This presentation is part of the Preserving U.S. Military Heritage: World War II to the Cold War, June 4-6, 2019, Fredericksburg, TX.
Blair Atcheson: I am Blair Atcheson with the Naval History and Heritage Command Underwater Archeology Branch, NHHC for short because that’s a mouthful. Myself along with Dr. Richard Hulver, NHHC’s lead historian on Indianapolis, have been conducting a review of the wreck site data provided by ocean exploration team Vulcan Inc., funded by the late Paul Allen. I’ll be discussing the discovery, the historical analysis, and our site management plans.
To understand what led to the sinking, the Navy’s Bureau of Ships, BuShip, interviewed the 316 survivors for their perspectives, recollections of what transpired in the chaotic final minutes of the ship. The official report was filed on October 2nd, 1945. Since there was no wreckage to analyze, the report represented more of an informed estimate than definitive conclusion. The discovery of Indianapolis has provided the Navy with data to reinvestigate the sinking and corroborate the 1945 records with the actual wreckage.
Alittle about Indy. She was basically a big ship but a fast ship with a lot of guns. She was commissioned in 1932 under the restrictions of the Washington Naval Treaty from World War I.
As Dr. Hulver wrote in his book, A Grave Misfortune, which is available to the public, I recommend you go to our website and download it, he says, “Indianapolis was a decorated World War II warship that’s primarily remembered for her worst 15 minutes.” She has a commendable service record prior to World War II and during the war received 10 battle stars for service in action.
At Okinawa in late March 1945, a kamikaze bomb severely damaged the vessel and required extensive repairs at Mare Island Navy Yard in California. This set Indy on the path to what would be her fatal final mission.
While undergoing repairs at Mare Island Navy Yard, Indy was selected for a top-secret mission to carry components for the A-bomb, Little Boy, to Tinian. They made this successful high-speed trip setting a speed record to Pearl Harbor that has yet to be broken with none of her crew or even her captain knowing what they carried.
On July 28th, 1945 Indy departed Guam for Leyte but just after midnight on July 30th, she was sunk by Japanese submarine I-58. Four days later on August 2nd, the small remainder of her crew were rescued.
As a report on her loss went up the navy’s chain of command, one reviewer’s comments written on the routing sheet matter-of-factly, summarizes the situation and the new normalcy created by World War II: “Excellent report. She was a good ship. Sorry to lose her.”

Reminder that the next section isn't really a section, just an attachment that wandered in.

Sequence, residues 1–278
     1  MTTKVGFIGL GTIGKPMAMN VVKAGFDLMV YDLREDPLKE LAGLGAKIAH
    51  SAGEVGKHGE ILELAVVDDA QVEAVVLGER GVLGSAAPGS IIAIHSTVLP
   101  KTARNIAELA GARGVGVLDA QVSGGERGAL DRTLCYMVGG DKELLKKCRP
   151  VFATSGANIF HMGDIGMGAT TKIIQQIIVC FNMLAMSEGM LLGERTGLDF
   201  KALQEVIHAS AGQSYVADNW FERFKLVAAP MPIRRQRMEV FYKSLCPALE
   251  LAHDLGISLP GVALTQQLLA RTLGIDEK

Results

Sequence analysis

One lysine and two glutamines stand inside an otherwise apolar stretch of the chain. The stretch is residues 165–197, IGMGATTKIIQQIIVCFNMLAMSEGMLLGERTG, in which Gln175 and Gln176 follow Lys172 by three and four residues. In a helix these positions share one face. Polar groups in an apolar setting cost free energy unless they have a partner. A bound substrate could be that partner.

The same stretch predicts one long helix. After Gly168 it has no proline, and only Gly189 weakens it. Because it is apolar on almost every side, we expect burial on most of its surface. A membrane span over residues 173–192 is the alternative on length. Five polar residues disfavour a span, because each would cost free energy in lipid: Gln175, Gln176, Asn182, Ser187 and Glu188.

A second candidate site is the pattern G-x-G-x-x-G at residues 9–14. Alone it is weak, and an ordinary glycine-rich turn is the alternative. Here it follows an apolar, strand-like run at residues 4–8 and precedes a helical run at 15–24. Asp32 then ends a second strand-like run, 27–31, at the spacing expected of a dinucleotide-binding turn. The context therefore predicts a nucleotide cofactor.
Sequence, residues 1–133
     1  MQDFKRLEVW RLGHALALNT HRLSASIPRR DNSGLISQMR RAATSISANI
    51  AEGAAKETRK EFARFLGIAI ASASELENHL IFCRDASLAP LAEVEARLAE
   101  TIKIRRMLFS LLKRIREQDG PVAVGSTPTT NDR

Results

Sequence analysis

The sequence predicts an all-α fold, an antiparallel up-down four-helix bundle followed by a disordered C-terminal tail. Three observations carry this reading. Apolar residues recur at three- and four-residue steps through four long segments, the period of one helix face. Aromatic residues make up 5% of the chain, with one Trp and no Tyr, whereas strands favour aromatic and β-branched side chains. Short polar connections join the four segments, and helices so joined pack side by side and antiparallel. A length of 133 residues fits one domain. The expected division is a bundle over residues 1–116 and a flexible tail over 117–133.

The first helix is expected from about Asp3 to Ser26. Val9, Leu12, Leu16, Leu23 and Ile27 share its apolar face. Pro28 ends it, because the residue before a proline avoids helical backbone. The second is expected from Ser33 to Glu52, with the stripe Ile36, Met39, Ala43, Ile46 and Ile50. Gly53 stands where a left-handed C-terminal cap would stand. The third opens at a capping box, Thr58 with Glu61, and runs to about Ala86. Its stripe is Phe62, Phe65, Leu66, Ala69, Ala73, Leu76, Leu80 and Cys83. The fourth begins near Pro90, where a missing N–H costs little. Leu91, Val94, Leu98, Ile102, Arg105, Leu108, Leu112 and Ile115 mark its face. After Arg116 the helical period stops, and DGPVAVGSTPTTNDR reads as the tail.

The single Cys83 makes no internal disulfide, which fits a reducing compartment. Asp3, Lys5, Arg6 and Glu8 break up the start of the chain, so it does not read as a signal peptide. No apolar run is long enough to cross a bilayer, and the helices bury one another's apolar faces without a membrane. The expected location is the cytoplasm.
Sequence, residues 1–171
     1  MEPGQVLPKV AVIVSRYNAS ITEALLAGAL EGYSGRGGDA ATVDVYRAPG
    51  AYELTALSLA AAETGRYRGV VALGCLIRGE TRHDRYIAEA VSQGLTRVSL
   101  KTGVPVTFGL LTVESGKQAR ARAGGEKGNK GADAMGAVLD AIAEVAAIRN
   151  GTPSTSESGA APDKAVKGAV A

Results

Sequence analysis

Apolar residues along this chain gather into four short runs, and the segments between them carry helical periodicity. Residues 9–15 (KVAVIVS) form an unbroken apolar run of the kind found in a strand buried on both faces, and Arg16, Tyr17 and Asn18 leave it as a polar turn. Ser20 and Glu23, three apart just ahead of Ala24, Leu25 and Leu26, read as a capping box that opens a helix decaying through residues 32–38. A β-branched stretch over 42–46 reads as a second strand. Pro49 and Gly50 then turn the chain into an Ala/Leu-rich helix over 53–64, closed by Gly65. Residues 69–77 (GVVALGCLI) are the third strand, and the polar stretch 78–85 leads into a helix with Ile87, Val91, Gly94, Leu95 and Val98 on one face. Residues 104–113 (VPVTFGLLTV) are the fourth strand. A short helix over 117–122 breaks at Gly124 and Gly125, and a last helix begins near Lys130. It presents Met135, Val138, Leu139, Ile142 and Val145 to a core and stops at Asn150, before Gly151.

The story of Indianapolis is not an entirely positive one for the Navy but as the Navy’s institutional memory, it is NHHC’s responsibility to tell it so that the hard-won and hard-learned lessons of the past are not forgotten, can be utilized to enhance the war fighting effectiveness of today’s navy, and honor the sacrifices of the American sailor.
In 2016 the Director of NHHC, retired Admiral Sam Cox, stood up a team of historians, archivists, public affairs officers, and archeologists to make sure that the Navy had an accurate history on the loss of USS Indianapolis that was available to the public.
With the 70th anniversary of the loss, renewed public interest and its history and wreck location, NHHC archeologists and historians were specifically tasked to revisit the sinking. The results came with interesting new conclusions.
The prospective offered by Indy’s captain, Charles McVay, formed the foundation of the Navy’s damage assessment and sinking location and offered enough detail to be of use to future researchers. He provided a critical clue as to his ship’s progress along the route by mentioning the passing of an unidentified LST approximately 11 hours before the sinking.
Seven decades later, Dr. Hulver identified McVay’s LST as number 779 and her noon coordinates for July 29th, 1945 place Indianapolis further southwest than historically believed. The coordinates from LST-779 was a key piece of information for the drift modeling being conducted by NHHC, the Naval Historical Foundation and the US Naval Academy. Based on the results, NHHC proposed a 10 by 10 nautical mile survey area approximately 35 nautical miles to the southeast of the navy’s 1945 sinking location.